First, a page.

2011 Chrysler Town & Country Driving Impressions

The Chrysler Town & Country is tall, heavy and long, which makes it a bear to handle in tight quarters and on winding roads. Thanks to the 2011 changes, though, it is much better controlled, with less body lean than the 2010 model.

The ride height has been dropped one inch and the suspension has been retuned. The spring rates are firmer front and rear, new low-rolling resistance tires have been chosen, the bushings and shocks are firmer, and the steering is quicker. If you drove the last one, you won't recognize this one, and that's a good thing.

The Town & Country still leans a bit in turns but not annoyingly so, and it gathers itself much better to head back in the opposite direction. The steering is quicker and more direct, with more road feel. The steering isn't sports car quick, but it does inspire more confidence. The 2011 changes bring the Town & Country in line with the Honda Odyssey, which is widely considered the sportiest minivan.

The ride is still quite good. The Town & Country irons out most bumps well, and only the sharpest of ruts will crash through to give the passengers a start. The long wheelbase helps prevent larger humps from causing up and down motions, and the suspension tweaks eliminate the floaty feel of the last model. Still, it's not as smooth as the Toyota Sienna, which has an almost luxury car feel.

The 2011 engine is also much better. Instead of three elderly V6s, the 2011 Town & Country offers just one, the new Pentastar 283-horsepower 3.6-liter V6. It has 32 more horsepower than the most powerful of the 2010 engines. Fuel economy is an EPA-estimated 17/25 mpg city/highway. Chrysler provides a fuel economizer switch that will change the shift points for optimum fuel economy.

The new 3.6-liter V6 is now class competitive, while only the 4.0-liter V6 on the 2010 model was close. Chrysler has come up with a fine new engine. It's smooth and quiet, offering decent punch from a stop and enough in reserve for passing. However, it doesn't feel as powerful as the 283-horsepower figure would suggest. That's odd because this same engine feels stronger in the rear- and four-wheel-drive Jeep Grand Cherokee. Perhaps the 6-speed automatic transmission is the culprit. The transmission doesn't seem to communicate well with the engine or react very well to the driver's right foot.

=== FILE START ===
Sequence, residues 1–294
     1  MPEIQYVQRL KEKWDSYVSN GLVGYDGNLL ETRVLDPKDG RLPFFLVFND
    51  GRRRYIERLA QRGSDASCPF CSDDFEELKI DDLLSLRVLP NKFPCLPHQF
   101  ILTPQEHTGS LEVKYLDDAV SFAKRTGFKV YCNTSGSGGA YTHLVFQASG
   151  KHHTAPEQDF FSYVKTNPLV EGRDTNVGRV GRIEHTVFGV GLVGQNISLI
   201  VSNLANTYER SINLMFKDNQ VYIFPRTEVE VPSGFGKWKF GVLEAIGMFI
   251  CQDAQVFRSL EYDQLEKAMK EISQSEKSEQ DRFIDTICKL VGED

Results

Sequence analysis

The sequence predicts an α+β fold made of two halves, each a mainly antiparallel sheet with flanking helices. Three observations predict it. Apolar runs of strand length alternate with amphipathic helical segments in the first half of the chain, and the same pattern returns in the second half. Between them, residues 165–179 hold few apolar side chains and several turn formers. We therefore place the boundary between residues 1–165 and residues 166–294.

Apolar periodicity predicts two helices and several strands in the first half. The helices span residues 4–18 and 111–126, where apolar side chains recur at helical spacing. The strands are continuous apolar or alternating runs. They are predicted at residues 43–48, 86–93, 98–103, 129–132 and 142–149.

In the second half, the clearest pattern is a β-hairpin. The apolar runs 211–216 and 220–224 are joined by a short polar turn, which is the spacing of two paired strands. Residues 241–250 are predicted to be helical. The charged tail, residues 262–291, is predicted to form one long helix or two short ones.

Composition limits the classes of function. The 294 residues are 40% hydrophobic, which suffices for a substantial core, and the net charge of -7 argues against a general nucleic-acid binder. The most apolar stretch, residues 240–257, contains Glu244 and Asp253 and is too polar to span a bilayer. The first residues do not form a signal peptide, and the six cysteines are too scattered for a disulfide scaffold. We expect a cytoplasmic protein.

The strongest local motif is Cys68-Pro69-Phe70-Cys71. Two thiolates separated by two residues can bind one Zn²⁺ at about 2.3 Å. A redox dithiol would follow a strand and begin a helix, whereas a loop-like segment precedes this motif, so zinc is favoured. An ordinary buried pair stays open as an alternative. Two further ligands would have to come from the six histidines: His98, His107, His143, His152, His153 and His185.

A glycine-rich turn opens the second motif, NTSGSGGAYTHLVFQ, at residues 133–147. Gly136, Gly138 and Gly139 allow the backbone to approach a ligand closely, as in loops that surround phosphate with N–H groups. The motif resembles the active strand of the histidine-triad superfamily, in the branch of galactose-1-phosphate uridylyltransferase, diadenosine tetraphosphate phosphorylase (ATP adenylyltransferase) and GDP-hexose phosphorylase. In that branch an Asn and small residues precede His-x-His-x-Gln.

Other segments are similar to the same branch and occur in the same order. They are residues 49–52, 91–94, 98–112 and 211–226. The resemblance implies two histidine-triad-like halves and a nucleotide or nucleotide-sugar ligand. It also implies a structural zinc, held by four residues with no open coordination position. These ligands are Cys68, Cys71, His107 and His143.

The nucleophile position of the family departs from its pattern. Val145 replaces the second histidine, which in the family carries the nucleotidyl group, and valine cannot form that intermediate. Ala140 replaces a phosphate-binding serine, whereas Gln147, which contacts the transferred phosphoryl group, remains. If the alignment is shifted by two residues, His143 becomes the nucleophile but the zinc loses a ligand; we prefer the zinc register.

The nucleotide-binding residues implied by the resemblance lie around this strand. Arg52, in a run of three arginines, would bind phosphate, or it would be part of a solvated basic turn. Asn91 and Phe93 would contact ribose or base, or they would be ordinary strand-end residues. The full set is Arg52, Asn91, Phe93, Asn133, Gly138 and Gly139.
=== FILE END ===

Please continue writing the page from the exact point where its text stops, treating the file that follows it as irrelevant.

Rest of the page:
On the road, the Town & Country cruises quieter than ever, thanks to the smooth new engine and additional sound-deadening measures. Those sound measures are another reason why the 2011 model is better than the 2010. The 2011 Town & Country also features a couple of standard safety features that are worthy of note.

The Blind Spot Monitoring system uses radar sensors to detect vehicles in the van's blind spots and warns the driver via lights in the side mirrors or a driver-selectable chime. It works well, but like similar systems offered by other manufacturers it can sometimes give false readings. It's still important to look before you change lanes.

The Rear Cross Path system is activated when the van is in reverse. It uses radar sensors to detect vehicles crossing behind the Town & Country and warns the driver with lights in the side mirrors and that same chime. The system won't detect small objects, like pedestrians, so it's still important to proceed slowly. It does, however, detect vehicles up to 20 meters away, and is programmed to recognize the speed of oncoming vehicles and alert the driver only if they are traveling at a speed that could lead to an accident (in other words, stationary and very slow moving vehicles probably won't register). We like this system. It works well and we found it especially useful in parking lots.

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